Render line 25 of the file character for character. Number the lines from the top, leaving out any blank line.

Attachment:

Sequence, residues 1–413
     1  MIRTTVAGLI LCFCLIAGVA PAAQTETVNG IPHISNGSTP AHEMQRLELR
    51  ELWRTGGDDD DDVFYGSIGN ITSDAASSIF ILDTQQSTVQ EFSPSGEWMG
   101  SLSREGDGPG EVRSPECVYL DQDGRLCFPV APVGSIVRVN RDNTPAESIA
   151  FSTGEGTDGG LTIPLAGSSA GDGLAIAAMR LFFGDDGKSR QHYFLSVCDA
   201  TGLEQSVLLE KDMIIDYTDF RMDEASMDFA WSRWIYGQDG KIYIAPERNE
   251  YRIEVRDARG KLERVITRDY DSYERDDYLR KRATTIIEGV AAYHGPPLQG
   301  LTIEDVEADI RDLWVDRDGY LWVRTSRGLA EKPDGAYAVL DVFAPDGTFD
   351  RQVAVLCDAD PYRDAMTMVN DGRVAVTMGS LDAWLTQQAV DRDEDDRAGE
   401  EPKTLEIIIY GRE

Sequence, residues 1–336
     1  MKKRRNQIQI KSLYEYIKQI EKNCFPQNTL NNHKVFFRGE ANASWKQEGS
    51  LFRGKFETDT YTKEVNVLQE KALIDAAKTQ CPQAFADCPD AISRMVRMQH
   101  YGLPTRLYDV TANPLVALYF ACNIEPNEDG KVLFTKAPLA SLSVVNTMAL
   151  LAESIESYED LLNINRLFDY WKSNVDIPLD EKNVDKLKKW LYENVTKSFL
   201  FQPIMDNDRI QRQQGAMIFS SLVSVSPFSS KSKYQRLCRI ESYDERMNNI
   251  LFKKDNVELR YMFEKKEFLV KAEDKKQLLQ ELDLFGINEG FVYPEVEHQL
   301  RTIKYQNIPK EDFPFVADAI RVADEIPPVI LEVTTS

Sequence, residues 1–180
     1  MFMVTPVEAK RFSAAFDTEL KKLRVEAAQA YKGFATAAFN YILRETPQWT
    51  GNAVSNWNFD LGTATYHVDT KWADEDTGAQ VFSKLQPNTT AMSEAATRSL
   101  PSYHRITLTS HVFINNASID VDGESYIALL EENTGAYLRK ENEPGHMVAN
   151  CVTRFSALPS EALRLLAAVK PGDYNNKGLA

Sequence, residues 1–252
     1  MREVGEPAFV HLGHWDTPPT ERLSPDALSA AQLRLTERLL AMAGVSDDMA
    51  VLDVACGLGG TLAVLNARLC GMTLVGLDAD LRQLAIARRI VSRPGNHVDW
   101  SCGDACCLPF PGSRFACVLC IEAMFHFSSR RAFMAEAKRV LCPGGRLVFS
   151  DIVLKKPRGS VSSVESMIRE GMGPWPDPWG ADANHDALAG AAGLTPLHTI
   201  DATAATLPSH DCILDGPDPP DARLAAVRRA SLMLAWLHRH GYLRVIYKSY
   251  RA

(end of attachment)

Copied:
     1  MREVGEPAFV HLGHWDTPPT ERLSPDALSA AQLRLTERLL AMAGVSDDMA